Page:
I'm attempting to make a configuration manager class, that may store arbitrary objects by std::string.

My beginning idea for my interface (abstract base class) was this (obviously this really is horribly incomplete)

class ConfigurationManager
{
public:
   static boost::shared_ptr<ConfigurationManager> create();

   template<typename T>
   virtual T getOption(const std::string& name) = 0;
};

However my compiler stated that template's can't be virtual(after which I recognized which i cannot have released templates anyways).

Internally I will be utilising boost::any's(virtually a runtime checked void*), however i don't want to reveal boost::any during my interface.

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Create a protected virtual abstract function coming back boost::any, along with a non-virtual, non-abstract, public template function to cover it in the customers of the interface.

class ConfigurationManager {
protected:
    virtual boost::any getOptionProtected(const std::string& name) = 0;
public:
    static boost::shared_ptr<ConfigurationManager> create();
    template<typename T> T getOption(const std::string& name) {
        return boost::any_cast<T>(getOptionProtected(name));
    }
};

An alternate approach is always to pass the title from the derived type to ConfigurationManager:

template<typename Derived>
class ConfigurationManager
{
  public:
    static boost::shared_ptr<ConfigurationManager> create();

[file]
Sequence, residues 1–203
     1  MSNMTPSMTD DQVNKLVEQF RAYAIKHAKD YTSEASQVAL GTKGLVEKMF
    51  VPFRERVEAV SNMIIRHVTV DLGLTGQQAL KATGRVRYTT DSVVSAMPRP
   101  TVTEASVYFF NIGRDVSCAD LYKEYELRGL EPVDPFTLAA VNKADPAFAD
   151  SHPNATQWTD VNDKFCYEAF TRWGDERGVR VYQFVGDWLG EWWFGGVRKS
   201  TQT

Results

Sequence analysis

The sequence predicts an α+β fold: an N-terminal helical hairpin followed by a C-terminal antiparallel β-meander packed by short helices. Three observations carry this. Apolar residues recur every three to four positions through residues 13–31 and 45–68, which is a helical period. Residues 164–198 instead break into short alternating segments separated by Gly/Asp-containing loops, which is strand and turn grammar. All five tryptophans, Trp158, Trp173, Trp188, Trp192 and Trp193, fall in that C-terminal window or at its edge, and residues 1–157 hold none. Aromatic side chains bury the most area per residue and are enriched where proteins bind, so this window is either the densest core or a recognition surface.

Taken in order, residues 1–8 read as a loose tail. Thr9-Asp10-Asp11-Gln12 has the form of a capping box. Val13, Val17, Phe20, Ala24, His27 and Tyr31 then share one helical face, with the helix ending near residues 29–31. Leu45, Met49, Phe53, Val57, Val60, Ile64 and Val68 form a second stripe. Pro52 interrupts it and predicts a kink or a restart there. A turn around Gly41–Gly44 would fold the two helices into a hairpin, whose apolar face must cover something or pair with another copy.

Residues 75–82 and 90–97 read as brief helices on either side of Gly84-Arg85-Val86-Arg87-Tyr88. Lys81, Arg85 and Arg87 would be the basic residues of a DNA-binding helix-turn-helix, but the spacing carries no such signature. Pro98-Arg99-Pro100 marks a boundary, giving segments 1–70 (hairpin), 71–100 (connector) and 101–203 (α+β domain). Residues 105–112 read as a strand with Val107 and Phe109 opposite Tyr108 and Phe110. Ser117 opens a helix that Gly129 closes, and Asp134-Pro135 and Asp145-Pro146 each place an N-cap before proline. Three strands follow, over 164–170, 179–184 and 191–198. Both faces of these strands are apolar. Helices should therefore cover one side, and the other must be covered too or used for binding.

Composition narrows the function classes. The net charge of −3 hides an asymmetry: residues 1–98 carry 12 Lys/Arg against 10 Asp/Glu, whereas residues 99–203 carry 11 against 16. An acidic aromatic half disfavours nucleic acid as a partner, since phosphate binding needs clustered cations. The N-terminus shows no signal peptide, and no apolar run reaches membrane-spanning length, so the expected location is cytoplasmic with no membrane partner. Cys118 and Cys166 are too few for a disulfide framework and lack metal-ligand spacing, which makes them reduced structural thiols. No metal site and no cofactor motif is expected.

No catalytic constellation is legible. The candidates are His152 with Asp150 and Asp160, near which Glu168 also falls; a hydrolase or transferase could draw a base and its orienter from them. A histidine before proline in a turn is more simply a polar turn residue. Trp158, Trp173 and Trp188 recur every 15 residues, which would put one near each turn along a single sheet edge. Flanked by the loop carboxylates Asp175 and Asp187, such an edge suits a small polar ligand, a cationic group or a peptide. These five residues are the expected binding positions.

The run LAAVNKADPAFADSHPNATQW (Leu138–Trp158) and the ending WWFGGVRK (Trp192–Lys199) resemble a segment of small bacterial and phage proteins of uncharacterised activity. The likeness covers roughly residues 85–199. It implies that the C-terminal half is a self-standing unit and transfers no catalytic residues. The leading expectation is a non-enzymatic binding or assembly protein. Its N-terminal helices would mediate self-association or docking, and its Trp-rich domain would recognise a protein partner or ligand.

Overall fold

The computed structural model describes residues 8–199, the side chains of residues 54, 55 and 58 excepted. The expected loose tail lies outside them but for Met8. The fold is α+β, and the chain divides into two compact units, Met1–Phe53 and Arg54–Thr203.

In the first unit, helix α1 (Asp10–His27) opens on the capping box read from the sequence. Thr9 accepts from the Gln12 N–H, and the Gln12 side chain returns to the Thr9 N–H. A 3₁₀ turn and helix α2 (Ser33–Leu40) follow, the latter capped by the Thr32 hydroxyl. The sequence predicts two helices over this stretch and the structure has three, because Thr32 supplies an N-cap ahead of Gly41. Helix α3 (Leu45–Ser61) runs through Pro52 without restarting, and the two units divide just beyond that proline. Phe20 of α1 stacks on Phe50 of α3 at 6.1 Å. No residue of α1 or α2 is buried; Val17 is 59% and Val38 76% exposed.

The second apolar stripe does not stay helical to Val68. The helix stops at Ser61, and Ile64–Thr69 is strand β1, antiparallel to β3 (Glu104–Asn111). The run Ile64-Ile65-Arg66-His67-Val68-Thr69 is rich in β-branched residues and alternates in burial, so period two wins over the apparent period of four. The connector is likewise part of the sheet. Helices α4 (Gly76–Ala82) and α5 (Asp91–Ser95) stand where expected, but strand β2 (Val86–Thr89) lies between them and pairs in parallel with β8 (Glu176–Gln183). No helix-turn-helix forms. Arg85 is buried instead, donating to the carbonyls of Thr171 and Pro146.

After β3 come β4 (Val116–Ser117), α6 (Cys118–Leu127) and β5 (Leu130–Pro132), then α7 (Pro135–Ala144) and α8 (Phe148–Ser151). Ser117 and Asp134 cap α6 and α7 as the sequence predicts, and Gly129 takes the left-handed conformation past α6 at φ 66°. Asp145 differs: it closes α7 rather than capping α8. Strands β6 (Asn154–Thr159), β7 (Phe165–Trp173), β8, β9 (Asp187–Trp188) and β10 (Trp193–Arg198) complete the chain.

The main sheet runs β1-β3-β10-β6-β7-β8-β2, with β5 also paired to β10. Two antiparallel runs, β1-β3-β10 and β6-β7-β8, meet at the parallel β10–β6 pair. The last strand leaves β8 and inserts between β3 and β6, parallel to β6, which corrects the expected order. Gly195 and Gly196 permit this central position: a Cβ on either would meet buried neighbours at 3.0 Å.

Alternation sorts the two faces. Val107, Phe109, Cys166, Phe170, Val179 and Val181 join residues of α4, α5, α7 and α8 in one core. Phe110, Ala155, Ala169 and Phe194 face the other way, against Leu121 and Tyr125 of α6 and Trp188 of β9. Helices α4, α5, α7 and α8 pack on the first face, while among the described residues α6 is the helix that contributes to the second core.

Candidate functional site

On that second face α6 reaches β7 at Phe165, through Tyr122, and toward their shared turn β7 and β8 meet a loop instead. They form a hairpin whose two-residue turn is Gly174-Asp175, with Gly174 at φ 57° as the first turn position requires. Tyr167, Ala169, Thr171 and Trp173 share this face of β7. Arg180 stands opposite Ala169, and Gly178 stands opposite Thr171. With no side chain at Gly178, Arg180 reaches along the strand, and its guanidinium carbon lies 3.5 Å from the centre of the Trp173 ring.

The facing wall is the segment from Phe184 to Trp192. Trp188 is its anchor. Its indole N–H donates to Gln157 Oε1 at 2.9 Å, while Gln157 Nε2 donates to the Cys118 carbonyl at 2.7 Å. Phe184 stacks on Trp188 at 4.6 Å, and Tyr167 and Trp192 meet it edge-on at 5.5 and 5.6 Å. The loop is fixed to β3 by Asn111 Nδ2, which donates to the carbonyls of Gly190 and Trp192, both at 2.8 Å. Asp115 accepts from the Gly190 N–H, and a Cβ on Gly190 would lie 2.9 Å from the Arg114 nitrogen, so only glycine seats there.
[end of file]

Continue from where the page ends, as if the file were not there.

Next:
template<typename T>
  T getOption(const std::string& name)
  {
    // call Derived::getOption
    return static_cast<Derived*>(this)->getOption(name);
  }
};

The derived type Foo would then be defined such as this:

class Foo : public ConfigurationManager<Foo>
{
  template<typename T>
  T getOption(const std::string& name)
  {
    // do something Foo-specific here
  }
};

The finish outcome is something such as an abstract virtual function. This idiom is known to because the curiously recurring template pattern.

I'm not sure what boost::any does for you personally, but in addition to that your (only, I believe) choices are either 1) Make ConfigurationManager a template class, or 2) make ConfigurationManager::getOption non-virtual but make use of a separate non-template virtual function (known as within getOption) that handles the functionality you would like inside your derived classes. You will find also variants on 2), for example together with a pointer for an object which identifies the intended functionality of (non-virtual) getOption. This object could be a clear case of a category that is itself a part of an inheritance hierarchy--the process pattern essentially. Appears more difficult though. So essentially I'm recommending

class ConfigurationManager
{
   public:
      ...
      template<typename T>
      getOption(...);
   private:
      virtual getOptionSpecial(...) = 0; //Called within getOption
};

The very best response to this SO thread is (simply) why I believe this really is virtually all you are able do.